Jason Hoffman/Thriillisit
Jason Hoffman/Thriillisit

My Grandma Made the Worst Sandwiches: A Personal History of the Fluffernutter

Fluffernutter is New England's favorite idiosyncratic sandwich. It's also a window into a lifetime of memories.

Nostalgia has a way of coloring your memories, favorably tilting the scales until you reposition the past as a colorful anecdote tied up with a bow in the form of a lesson. So I want to be careful when I tell you about the things my grandmother, Lorraine Tuller, was good at. She was good at smoking unfiltered Chesterfield cigarettes while watching Murder She Wrote and Loveboat and The Thornbirds. She was good at drinking Canadian Club whisky on the rocks and talking about how handsome Ted Williams was, or how Senator Edward Brooke once asked her to dance. She was good at making Key lime pies and candied yams and caramel popcorn balls and throwing plates at my grandfather and letting us stay up way past our bedtimes. But god bless her soul, my grandmother was not good at making Fluffernutter sandwiches.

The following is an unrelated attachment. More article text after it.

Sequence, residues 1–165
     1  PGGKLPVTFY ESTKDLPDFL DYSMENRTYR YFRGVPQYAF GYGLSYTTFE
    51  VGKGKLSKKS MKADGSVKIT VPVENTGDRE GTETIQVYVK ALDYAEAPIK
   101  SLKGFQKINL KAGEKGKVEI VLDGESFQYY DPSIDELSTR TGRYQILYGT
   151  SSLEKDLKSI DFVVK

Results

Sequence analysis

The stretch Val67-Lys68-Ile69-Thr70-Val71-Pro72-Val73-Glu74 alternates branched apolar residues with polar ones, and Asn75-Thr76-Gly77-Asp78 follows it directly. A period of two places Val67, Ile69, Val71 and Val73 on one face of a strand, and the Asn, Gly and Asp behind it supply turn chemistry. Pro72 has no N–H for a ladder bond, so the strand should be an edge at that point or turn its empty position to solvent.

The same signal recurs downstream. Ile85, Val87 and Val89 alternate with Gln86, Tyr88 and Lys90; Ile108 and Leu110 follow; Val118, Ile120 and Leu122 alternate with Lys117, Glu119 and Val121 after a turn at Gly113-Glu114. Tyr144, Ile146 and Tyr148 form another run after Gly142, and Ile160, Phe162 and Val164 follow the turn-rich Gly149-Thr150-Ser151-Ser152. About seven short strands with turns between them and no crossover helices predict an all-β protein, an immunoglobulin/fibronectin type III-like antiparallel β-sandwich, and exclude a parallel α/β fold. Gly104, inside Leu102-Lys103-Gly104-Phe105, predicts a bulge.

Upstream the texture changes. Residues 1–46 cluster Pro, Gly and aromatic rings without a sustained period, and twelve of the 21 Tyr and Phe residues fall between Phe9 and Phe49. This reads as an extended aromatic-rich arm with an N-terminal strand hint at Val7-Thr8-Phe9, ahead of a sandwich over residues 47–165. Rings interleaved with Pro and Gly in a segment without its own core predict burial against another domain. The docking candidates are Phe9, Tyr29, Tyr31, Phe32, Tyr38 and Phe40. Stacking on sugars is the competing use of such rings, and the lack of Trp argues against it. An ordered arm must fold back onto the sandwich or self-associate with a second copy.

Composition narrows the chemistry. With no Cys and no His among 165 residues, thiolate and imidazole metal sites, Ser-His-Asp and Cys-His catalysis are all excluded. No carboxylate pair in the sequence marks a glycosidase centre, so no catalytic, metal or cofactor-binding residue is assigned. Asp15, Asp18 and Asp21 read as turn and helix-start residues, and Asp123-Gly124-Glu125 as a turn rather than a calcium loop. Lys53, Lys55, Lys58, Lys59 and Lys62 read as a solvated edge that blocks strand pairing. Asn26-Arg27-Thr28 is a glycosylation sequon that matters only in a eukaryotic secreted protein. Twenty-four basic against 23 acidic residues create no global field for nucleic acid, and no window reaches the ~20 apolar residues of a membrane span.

The Fluffernutter is a New England tradition, a prized piece of the Northeast’s regional kitchen diorama. The quick history of the sandwich goes something like this: in the 19th century, pharmacists in France created a throat remedy that consisted of a marshmallow cream, but the first real successful commercial product in the USA came from Amory and Emma Curtis of Melrose, Massachusetts. Descendants of Revolutionary War all-star Paul Revere, the Curtis family used to market their Snowflake Marshmallow Creme with peanut butter on bread during World War I as the “Liberty Sandwich” (a Mental Floss article notes that this wasn’t even the first pre-Fluffernutter, as the very sexy sounding trade journal Candy and Ice Cream put out a similar recipe in 1915).